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Skepticism prevails in US about NK commitment

2024-07-13 20:32:59      点击:443
U.S. Secretary of State Mike Pompeo testifies before the House Appropriations Committee on a budget request for the Department of State in Washington,<strong></strong> Thursday (KST). EPA-Yonhap
U.S. Secretary of State Mike Pompeo testifies before the House Appropriations Committee on a budget request for the Department of State in Washington, Thursday (KST). EPA-Yonhap

By Kim Yoo-chul

Senior U.S. diplomats and military officials are voicing skepticism toward North Korea's commitment to denuclearization.

This indicates worsening sentiment toward the Kim Jong-un regime among U.S. officials following the Hanoi summit between President Donald Trump and Kim.

Speaking at a House of Representatives Committee on Foreign Affairs hearing, Thursday, U.S. Secretary of State Mike Pompeo said the regime has yet to make the "big move" toward scrapping its nuclear weapons and ballistic missile programs.

"We have not yet seen them make the big move that we were frankly hoping that they would do in Hanoi. Our diplomatic efforts toward the final, fully verified denuclearization of North Korea are the most successful that have ever been undertaken," he said in a written statement to the House Appropriations Committee before testifying on the State Department's 2020 budget request.

"We remain committed to that goal. This budget provides for our diplomatic outreach to continue implementation and enforcement of sanctions until we achieve our objective."

In Hanoi, Trump and Kim failed to reach a deal. U.S. President Donald Trump wanted to "go big," sealing an abandonment of weapons of mass destruction (WMD) programs in exchange for sanctions relief. North Korean leader Kim Jong-un wanted sanctions to be "significantly eased" in return for significant concessions.

U.S. Forces Korea (USFK) Commander Gen. Robert Abrams has remained in synchronization with Pompeo's view as he also warned lawmakers that Washington might not have sufficient intelligence, surveillance and reconnaissance capabilities on the peninsula.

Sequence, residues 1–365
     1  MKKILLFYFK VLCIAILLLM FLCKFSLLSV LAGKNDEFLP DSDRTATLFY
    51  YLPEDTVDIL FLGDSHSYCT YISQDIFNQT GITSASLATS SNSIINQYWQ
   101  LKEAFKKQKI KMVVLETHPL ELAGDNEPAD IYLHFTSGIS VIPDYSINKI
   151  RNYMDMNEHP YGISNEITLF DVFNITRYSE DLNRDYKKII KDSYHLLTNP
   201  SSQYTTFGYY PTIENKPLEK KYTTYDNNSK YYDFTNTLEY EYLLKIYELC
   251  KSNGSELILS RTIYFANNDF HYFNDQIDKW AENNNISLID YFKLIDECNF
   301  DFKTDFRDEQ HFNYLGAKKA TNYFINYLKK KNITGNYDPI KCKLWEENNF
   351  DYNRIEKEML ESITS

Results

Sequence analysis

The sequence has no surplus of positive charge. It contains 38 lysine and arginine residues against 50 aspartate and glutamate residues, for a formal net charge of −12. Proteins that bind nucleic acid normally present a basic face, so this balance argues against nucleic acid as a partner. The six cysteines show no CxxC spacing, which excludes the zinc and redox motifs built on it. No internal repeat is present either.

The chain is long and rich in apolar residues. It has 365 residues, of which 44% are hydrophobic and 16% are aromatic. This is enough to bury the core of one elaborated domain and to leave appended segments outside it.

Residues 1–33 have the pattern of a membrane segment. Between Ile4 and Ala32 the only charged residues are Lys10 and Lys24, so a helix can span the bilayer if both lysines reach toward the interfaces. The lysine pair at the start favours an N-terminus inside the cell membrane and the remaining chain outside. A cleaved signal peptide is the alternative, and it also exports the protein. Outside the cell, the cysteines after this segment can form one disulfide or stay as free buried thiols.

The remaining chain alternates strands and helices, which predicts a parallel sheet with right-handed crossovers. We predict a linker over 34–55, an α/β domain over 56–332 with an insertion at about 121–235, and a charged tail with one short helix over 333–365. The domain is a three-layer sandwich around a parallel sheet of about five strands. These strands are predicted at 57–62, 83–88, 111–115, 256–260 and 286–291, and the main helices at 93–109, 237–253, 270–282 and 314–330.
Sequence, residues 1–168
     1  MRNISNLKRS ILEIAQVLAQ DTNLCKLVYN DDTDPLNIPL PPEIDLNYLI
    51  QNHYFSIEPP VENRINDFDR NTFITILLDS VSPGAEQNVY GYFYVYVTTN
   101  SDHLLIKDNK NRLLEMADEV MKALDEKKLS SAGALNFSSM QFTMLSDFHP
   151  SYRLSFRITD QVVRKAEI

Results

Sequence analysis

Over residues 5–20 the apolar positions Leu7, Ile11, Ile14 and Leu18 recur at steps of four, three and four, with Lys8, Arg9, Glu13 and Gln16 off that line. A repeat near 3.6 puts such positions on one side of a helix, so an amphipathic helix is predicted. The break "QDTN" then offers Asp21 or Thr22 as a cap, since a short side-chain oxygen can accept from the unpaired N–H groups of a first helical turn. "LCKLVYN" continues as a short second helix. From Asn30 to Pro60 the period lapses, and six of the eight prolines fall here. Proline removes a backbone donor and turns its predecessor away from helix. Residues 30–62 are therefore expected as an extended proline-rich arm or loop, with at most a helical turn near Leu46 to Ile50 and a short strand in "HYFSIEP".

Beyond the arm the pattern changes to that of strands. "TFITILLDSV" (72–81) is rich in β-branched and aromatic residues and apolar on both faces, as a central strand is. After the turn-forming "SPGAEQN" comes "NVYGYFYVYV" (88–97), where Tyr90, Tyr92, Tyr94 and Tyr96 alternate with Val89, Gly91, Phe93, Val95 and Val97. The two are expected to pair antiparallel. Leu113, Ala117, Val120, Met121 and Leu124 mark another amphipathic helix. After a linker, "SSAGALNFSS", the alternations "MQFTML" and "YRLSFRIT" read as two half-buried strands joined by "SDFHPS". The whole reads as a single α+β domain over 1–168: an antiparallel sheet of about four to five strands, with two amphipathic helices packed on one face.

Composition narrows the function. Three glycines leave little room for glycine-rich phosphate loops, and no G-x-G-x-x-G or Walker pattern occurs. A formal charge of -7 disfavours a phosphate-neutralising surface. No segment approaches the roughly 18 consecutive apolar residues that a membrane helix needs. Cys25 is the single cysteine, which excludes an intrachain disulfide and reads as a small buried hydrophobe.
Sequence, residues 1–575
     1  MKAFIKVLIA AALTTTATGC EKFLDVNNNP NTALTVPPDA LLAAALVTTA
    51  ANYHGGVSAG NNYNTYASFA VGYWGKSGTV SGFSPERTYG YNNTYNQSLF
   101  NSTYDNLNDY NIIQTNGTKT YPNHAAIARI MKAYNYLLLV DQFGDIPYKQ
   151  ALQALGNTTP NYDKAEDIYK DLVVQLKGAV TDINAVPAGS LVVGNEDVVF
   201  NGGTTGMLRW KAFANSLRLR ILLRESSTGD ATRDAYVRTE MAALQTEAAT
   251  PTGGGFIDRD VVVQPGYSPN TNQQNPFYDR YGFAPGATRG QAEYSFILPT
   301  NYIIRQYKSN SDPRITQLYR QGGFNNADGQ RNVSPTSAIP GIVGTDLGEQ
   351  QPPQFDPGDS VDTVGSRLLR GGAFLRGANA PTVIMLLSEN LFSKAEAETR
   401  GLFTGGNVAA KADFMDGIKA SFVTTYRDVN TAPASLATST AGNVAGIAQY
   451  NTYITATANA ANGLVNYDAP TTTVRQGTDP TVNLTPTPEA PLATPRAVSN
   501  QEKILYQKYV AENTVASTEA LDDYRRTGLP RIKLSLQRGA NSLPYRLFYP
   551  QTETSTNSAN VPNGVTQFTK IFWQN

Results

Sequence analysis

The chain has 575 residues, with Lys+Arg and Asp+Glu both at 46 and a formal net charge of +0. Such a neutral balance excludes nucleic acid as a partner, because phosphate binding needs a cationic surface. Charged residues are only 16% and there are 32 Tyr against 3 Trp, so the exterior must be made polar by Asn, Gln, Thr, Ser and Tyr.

"North Korean activity observed by the United States is inconsistent with denuclearization, making it necessary for the United States to maintain a postured and ready force to deter any possible aggressive actions. Little to no verifiable change has occurred in North Korea's capabilities," Abrams said.

Separately, the nominee to become Washington's top diplomat for East Asia said Washington "will not ease pressure" on North Korea based on its earlier commitment to denuclearize.

At his confirmation hearing, David Stillwell, a retired Air Force general, said the United States isn't going to "pull back just on their word." He went on to say the steady pressure will continue to have an effect.

Such comments run counter to Seoul's hopes that concessions such as a partial sanctions easing or early resumption of frozen inter-Korean business projects will break the impasse of denuclearization talks between the United States and the North.

South Korea is considering options to keep the momentum of the denuclearization talks alive. Holding a new summit between the leaders of the Koreas at Panmunjeom sometime in April is considered as one of the possibilities, Cheong Wa Dae officials said.




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